United States District Court, W.D. Virginia, Big Stone Gap Division
M. Williams, Wolfe, Williams & Reynolds, Norton,
Virginia, for Plaintiff; Theresa A. Casey, Special Assistant
United States Attorney, Social Security Administration,
Philadelphia, Pennsylvania, for Defendant.
P. Jones United States District Judge.
Acting Commissioner of Social Security
(“Commissioner”) has filed objections to the
Report and Recommendation (“Report”) of the
magistrate judge recommending that the plaintiff's
disability claims be remanded to the Commissioner. For the
reasons that follow, I will overrule the defendant's
objections, adopt the Report, deny both parties' Motions
for Summary Judgment, and remand the case to the Commissioner
for further development.
plaintiff, Joseph Gabriel Wireman, seeks disability insurance
and supplemental security income benefits under Titles II and
XVI of the Social Security Act (“Act”). Following
a hearing and decision by an administrative law judge
(“ALJ”), his claims were denied and he thereafter
filed this action under 42 U.S.C. §§ 405(g) and
1383(c)(3), requesting review of the Commissioner's
decision. The case was referred to the magistrate judge
pursuant to 28 U.S.C. § 636(b)(1)(B). The magistrate
judge filed her detailed Report on May 10, 2018, and the
Commissioner filed timely objections on May 22, 2018. Those
objections are now before me for de novo
is now 50 years old, but as of the alleged disability onset
date of October 27, 2012,  he was a younger individual. He has a
history of colon cancer. As a lingering effect of his cancer
treatment and surgery, he experiences episodes of abdominal
discomfort, constipation, and diarrhea. He also claims back
pain and joint pain that worsen with movement.
previously drove a coal truck, which requires a medium level
of exertion. The ALJ found that his residual functional
capacity (“RFC”) renders him unable to perform
that work, but that he can perform sedentary work with some
additional limitations. The ALJ concluded, based on
Wireman's RFC and vocational expert testimony, that
Wireman is able to perform several jobs that exist in
significant numbers in the regional and national economy.
accordance with the Act, I must uphold the Commissioner's
findings if substantial evidence supports them and the
findings were reached through the application of the correct
legal standard. Craig v. Chater, 76 F.3d 585, 589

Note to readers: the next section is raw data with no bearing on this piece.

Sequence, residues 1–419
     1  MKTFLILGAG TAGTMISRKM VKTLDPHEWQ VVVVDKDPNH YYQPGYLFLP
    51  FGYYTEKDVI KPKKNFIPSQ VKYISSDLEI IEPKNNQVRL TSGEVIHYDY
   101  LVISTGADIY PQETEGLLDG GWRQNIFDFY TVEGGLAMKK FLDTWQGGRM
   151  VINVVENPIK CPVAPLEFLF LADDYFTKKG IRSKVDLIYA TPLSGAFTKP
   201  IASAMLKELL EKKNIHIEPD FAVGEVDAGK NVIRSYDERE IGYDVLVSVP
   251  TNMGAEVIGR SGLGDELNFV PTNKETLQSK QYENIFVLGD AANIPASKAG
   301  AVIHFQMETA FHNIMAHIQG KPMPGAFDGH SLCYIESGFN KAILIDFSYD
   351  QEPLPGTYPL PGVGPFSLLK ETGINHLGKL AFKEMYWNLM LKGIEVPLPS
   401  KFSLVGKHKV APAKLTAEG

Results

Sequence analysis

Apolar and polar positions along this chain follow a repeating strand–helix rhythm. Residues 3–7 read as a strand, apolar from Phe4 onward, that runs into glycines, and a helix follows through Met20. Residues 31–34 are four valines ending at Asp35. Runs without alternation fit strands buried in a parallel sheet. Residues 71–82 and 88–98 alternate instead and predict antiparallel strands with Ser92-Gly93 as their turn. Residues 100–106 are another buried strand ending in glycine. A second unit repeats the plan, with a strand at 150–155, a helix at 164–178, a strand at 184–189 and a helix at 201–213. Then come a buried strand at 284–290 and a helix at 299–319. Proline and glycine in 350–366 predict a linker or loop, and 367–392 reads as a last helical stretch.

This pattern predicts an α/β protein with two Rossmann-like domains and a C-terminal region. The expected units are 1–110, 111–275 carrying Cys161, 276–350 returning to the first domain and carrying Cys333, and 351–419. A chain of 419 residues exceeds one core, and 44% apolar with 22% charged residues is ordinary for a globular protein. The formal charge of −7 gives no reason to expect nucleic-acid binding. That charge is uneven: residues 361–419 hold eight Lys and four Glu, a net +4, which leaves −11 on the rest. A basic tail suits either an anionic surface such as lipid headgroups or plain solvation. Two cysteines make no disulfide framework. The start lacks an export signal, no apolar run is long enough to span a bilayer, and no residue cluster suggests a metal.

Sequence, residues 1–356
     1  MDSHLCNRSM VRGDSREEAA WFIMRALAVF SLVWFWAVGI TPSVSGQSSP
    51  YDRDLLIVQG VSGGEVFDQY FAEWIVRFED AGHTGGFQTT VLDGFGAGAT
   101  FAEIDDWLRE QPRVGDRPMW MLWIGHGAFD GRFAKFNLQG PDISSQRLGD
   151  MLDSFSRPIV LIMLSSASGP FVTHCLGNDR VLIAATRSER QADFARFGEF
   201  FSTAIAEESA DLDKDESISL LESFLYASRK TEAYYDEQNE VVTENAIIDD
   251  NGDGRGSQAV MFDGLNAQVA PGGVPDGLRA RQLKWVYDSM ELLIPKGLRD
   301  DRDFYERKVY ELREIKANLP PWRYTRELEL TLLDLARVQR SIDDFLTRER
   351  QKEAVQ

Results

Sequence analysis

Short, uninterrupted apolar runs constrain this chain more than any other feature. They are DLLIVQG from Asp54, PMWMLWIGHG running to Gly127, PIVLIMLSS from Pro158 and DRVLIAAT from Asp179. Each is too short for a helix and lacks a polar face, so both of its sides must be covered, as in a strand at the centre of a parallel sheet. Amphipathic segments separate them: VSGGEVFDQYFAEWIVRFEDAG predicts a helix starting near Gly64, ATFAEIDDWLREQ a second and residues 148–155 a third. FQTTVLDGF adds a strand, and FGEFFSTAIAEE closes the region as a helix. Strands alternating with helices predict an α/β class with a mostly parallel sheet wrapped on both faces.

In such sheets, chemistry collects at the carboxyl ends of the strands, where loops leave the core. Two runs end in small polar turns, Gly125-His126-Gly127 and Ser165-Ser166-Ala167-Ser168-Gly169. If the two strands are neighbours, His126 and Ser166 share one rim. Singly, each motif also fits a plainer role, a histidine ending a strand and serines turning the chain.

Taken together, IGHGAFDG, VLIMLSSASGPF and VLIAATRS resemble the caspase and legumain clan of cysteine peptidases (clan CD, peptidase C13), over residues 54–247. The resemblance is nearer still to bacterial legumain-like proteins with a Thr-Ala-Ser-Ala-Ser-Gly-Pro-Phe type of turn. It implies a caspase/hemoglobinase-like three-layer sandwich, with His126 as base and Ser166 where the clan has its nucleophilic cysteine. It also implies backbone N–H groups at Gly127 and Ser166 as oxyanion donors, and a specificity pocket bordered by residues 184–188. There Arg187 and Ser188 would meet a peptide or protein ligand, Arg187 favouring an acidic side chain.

(4th Cir. 1996). Substantial evidence means “such
relevant evidence as a reasonable mind might accept as
adequate to support a conclusion.” Richardson v.
Perales, 402 U.S. 389, 401 (1971) (internal quotation
marks and citation omitted). Substantial evidence is
“more than a mere scintilla of evidence but may be
somewhat less than a preponderance.” Laws v.
Celebrezze, 368 F.2d 640, 642 (4th Cir. 1966). It is not
the role of the court to substitute its judgment for that of
the Commissioner. Hays v. Sullivan, 907 F.2d 1453,
1456 (4th Cir. 1990).
plaintiff's appeal and the defendant's objections to
the Report involve the ALJ's formulation of Wireman's
RFC. The plaintiff contends that in determining the RFC, the
ALJ failed to properly consider the two examining source
opinions, those of Kevin Blackwell, D.O., and Sung-Joon Cho,
M.D. The ALJ stated that he afforded these opinions some
weight, but he ultimately found that Wireman had fewer
limitations than either physician had determined. He did not
expressly explain why he had rejected Dr. Blackwell's
kneeling limitation and Dr. Cho's general reaching
limitation. The ALJ found that Wireman could occasionally
kneel, while Blackwell had stated that Wireman would need to
avoid kneeling. The ALJ did not mention Dr. Cho's
statement that Wireman could only occasionally reach.
Report, the magistrate judge noted that “it appears
that the ALJ intended to give Dr. Blackwell's postural
limitations controlling weight.” R. & R. 15, ECF
No. 17. “Nonetheless, the ALJ found that Wireman could
occasionally operate foot controls and kneel, ” while
Dr. Blackwell restricted these activities. Id. at
16. The magistrate judge pointed out that despite stating
that Dr. Blackwell's push-pull and postural limitations
were reasonably necessary, the ALJ did not include those
limitations in his RFC. Moreover, “the ALJ specifically
rejected the state agency medical consultant's physical
assessment and the portion of Dr. Cho's physical
assessment stating that Wireman could occasionally
kneel.” Id. at 17. Based on these
inconsistencies, the magistrate judge recommended denying
both parties' Motions for Summary Judgment and remanding
the case for further development.
objections, the defendant argues that Dr. Blackwell did not
outright prohibit kneeling and foot pedal operating, but
merely stated that Wireman should avoid those activities.
According to the defendant, avoiding an activity is
tantamount to performing the activity only occasionally. The
ALJ, however, did not offer any such explanation of his
findings, and it was his obligation to fully analyze Dr.
Blackwell's opinion and adequately explain the weight he
gave to it.
defendant argues that any such error was harmless because
even if the ALJ had found that Wireman could never kneel or
use foot controls, two of the jobs identified by the
vocational expert do not require either of those activities.
However, that argument does not account for the ALJ's
unexplained rejection of Dr. Cho's general reaching
limitation. The ALJ, in accord with Dr. Blackwell, found that
Wireman could reach overhead only occasionally, but he did
not find any limitation in terms of other reaching. Dr. Cho,
on the other hand, had indicated that Wireman could perform
all other reaching only occasionally due to his chronic back
pain and limited shoulder abduction. The ALJ noted this
limitation in passing but did not explain why he declined to
adopt it. One of the vocational experts ...